But she couldn’t wallow forever. There was a life to live. Continue reading “Glimmer Girl #23 – “Shimmering Dusk” (Part 1)”
You probably saw the news.
“-With reports coming in that the immediate danger has passed. Officials and the CDC urge citizens to stay indoors until a thorough sweep is conducted. Milestone Metro has decommissioned the subway network until further notice. Non-essential emergency staff are to steer clear of sewers and water systems.”
It turns out that aerosol dispersal only covered the surface of the problem. To be effective we’d have to force our way down, probe the dark corners of the city, and tackle what’s left head on.
I couldn’t leave. What if there were more monsters down there, bigger than the experts could handle? The emergency crews were more qualified, but didn’t have my firepower, or my speed. So, like a sucker I raised my hand to go another round. What could it hurt except my everything? Continue reading “Glimmer Girl #22 – “The Reign of Cats and Dogs” (Part 6)”
In a few hours the retrovirus was in production. Tanker trucks from all corners of the city migrated to the airfields. What a sight to behold; people coming from all over with a single purpose. Their collective world turned upside down when nature turned. They would do anything to put things back to normal.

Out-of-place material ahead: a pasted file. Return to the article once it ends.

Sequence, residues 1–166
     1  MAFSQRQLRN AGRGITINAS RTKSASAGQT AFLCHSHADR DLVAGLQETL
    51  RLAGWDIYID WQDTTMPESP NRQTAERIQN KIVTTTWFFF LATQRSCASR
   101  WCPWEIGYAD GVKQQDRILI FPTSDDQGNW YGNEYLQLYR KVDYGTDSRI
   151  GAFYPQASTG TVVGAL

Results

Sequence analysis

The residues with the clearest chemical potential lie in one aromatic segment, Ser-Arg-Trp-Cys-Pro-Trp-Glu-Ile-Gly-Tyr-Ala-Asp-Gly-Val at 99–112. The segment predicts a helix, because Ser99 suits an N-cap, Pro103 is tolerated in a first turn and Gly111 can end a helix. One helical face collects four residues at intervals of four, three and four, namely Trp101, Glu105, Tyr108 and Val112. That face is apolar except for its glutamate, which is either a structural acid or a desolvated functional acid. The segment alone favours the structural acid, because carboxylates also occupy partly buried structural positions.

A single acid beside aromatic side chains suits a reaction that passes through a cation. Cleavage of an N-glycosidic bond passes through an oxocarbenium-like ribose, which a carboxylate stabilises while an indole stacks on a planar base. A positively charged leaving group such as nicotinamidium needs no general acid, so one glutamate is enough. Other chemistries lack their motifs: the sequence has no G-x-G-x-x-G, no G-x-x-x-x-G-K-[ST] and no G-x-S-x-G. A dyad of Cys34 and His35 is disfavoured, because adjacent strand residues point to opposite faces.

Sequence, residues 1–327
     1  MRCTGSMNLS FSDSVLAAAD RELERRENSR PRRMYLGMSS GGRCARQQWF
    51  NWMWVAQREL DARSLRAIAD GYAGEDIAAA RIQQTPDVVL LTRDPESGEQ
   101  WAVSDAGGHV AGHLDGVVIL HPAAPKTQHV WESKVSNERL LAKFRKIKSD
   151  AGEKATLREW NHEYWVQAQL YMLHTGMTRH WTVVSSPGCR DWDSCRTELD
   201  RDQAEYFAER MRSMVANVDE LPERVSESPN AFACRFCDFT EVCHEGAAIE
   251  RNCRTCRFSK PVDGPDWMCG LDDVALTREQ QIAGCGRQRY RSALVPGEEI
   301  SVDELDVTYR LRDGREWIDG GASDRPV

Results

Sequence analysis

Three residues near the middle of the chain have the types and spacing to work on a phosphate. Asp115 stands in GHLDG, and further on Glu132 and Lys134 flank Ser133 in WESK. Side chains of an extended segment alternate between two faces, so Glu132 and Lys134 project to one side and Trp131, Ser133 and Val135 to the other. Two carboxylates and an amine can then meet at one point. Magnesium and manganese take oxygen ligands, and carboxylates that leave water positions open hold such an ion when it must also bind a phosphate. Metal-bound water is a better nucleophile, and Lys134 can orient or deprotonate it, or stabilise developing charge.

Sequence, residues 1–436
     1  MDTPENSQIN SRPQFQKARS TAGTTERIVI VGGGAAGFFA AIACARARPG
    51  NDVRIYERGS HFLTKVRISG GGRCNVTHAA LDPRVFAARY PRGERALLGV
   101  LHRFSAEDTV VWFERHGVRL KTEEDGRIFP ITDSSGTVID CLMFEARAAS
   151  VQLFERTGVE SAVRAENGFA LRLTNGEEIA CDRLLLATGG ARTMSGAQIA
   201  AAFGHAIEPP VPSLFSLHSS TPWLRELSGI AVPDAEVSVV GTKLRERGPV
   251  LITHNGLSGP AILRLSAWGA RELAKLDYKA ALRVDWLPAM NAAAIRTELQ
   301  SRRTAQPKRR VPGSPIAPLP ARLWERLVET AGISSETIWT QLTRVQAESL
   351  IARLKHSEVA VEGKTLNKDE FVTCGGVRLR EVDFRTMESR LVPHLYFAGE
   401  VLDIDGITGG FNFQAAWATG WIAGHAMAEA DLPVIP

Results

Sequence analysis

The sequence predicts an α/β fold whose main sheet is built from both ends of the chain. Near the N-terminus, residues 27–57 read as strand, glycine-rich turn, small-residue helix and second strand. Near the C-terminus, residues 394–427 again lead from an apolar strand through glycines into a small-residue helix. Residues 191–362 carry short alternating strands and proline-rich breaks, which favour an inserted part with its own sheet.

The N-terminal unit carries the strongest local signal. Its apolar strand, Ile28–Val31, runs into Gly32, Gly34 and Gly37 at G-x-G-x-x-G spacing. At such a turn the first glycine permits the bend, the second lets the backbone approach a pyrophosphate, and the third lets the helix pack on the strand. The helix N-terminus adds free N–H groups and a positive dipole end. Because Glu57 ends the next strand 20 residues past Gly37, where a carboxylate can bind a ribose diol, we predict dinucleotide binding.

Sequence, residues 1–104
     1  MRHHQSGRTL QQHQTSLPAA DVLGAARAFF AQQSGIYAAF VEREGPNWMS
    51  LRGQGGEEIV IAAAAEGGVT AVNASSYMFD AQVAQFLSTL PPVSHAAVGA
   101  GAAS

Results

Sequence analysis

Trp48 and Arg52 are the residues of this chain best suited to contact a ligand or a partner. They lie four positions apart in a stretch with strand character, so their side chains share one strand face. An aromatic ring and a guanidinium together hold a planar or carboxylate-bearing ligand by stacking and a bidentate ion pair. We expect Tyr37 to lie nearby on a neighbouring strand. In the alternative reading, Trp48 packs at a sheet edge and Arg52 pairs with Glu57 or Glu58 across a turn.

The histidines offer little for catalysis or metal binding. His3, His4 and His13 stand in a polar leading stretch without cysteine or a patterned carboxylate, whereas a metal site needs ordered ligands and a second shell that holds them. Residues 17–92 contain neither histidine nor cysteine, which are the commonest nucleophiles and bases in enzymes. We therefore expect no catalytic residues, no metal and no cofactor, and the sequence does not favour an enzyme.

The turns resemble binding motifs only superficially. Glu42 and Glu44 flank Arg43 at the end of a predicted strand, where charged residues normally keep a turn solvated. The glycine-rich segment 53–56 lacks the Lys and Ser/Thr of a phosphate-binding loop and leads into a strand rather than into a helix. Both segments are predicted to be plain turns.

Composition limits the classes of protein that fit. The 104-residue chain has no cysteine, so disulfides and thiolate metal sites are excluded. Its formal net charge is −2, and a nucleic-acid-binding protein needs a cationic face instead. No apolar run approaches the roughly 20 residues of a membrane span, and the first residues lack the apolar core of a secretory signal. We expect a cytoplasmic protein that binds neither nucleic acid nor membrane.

I fought to still myself. The important work was in the hands of scientists and engineers while I stood guard. Meanwhile there was a city under siege. People and their children weren’t hiding from dogs and cats alone, but racoons, birds, rodents, and more. The animal kingdom was gifted power it couldn’t understand.
The convoy barreled down the winding dirt trail toward the grass strip. To one side was the gritty aluminium hanger, home to a range of museum pieces that passed for aircraft. Humble as they were, they were the key to salvation.
Dr. Storm explained, “the national guard are moving helicopters as we speak. In the meantime we use crop dusters and skywriting planes to deliver an initial payload. The sooner we start, the more effect it will have long term.”
My job, she said, was to keep them in the air. Sparrows had the potential of missiles, or worse. And who could say what other nasties moved between the clouds? Continue reading “Glimmer Girl #21 – “The Reign of Cats and Dogs” (Part 5)”
Last year gave me the incredible opportunity to stand shoulder to shoulder with other profound queer speakers as part of Queerstories.
Queerstories for the uninitiated is a regular live storytelling event offering a platform for sexual and gender diverse people to share pieces of their lives. Sometimes comic, sometimes tragic, but always meaningful, Queerstories draws people from all manner of backgrounds, and with some luck opens a few eyes along the way.